Water based stains have been around for a while and seem to get mixed reviews. For a number of reasons, I think these are excellent products. First of all they dry very quickly, which means you can often finish a project in a day. This in it'self is not an achievement, but what I like about this is that finishing a project quickly means that there is less time for dust and dirt to land on your still-drying-project.

Applying the finishes is usually done indoors (also to avoid dust and particles) which means somewhat of an enclosed area. Most water based stains have little (if any) odour which makes them more pleasant to use in confined areas. And finally ... clean up. I hate clean up at the best of times and any time I can save the environment and use something as simple as old fashioned soap and water to clean my brushes with ... is my kind of product.

Water based stains have been around for a while and seem to get mixed reviews. For a number of reasons, I think these are excellent products. First of all they dry very quickly, which means you can often finish a project in a day. This in it'self is not an achievement, but what I like about this is that finishing a project quickly means that there is less time for dust and dirt to land on your still-drying-project.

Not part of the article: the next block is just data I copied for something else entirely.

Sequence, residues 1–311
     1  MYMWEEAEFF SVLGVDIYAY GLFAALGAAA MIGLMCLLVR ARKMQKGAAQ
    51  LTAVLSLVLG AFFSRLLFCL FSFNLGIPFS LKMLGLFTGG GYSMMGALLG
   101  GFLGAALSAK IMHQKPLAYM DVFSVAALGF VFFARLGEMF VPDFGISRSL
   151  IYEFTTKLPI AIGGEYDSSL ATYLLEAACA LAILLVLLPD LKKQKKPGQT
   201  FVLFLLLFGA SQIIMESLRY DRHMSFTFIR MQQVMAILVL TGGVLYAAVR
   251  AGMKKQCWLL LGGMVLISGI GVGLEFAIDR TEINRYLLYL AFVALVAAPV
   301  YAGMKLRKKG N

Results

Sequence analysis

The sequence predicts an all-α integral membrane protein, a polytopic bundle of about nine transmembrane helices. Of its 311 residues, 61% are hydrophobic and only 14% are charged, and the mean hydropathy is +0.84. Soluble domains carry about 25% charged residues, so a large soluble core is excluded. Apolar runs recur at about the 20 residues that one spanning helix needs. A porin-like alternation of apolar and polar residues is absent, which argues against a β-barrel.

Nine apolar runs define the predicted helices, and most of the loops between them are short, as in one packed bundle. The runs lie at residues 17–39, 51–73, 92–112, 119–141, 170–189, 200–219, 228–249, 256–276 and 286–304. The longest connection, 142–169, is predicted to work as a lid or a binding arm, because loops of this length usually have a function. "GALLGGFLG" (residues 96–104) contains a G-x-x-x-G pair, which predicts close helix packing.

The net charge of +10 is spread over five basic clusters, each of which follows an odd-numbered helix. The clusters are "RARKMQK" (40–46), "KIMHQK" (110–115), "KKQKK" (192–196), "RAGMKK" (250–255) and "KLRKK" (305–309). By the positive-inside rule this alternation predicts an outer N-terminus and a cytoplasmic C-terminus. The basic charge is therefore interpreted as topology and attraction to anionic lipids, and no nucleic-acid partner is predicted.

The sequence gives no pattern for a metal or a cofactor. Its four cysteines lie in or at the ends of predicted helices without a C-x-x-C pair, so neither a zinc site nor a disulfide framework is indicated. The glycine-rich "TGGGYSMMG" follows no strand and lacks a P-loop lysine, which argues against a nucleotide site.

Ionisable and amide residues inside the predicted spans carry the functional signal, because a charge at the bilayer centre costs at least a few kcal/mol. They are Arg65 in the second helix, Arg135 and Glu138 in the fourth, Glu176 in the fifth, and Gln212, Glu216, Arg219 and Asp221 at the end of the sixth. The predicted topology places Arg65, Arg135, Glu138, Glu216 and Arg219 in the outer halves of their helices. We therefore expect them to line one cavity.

Applying the finishes is usually done indoors (also to avoid dust and particles) which means somewhat of an enclosed area. Most water based stains have little (if any) odour which makes them more pleasant to use in confined areas. And finally ... clean up. I hate clean up at the best of times and any time I can save the environment and use something as simple as old fashioned soap and water to clean my brushes with ... is my kind of product.

One of the advantages of water based stains is they come in a variety of colors. This means that a woodworker how has different ideas on finishing can mix n' match colors to create some truly outstanding projects. Most water based stains benefit immensely from pre-stain or wood conditioning products, especially for softer woods or mixed (heartwood/sapwood) pieces.

The disadvantages of water based stains and finishes that most woodworkers complain about is the lifting of the grain. The reason wood grains "lift" is because the wood fibre can absorb some of the water from the stains, making them swell, and thus leaving a slightly rough finish after the stains have dried. To my knowledge there is no magic bullet to fix this as it has to do with the mechanics of water molecules versus wood molecules.

The solution, in most cases is to lightly (I said LIGHTLY) sand after the staining, then finish with a water based clear coating. You may have to re-sand slightly after the first and maybe even the second clear coating, but the finished work will be well worth your efforts for the final finish you will receive. So if you haven't tried some of the new water based stains, try it, I think you will be pleasantly surprised, and will probably open new doors to finishing techniques in the future.


Copyright - Colin Knecht
woodworkweb

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